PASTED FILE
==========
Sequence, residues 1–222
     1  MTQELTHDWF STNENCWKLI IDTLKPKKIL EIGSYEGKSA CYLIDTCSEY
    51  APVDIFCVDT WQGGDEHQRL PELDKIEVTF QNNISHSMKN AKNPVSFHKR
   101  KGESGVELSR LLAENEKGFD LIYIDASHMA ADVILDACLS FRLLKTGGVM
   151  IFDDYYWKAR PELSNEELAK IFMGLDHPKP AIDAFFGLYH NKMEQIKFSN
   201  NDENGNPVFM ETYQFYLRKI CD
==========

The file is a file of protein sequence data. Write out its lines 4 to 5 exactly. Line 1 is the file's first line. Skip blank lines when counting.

   101  KGESGVELSR LLAENEKGFD LIYIDASHMA ADVILDACLS FRLLKTGGVM
   151  IFDDYYWKAR PELSNEELAK IFMGLDHPKP AIDAFFGLYH NKMEQIKFSN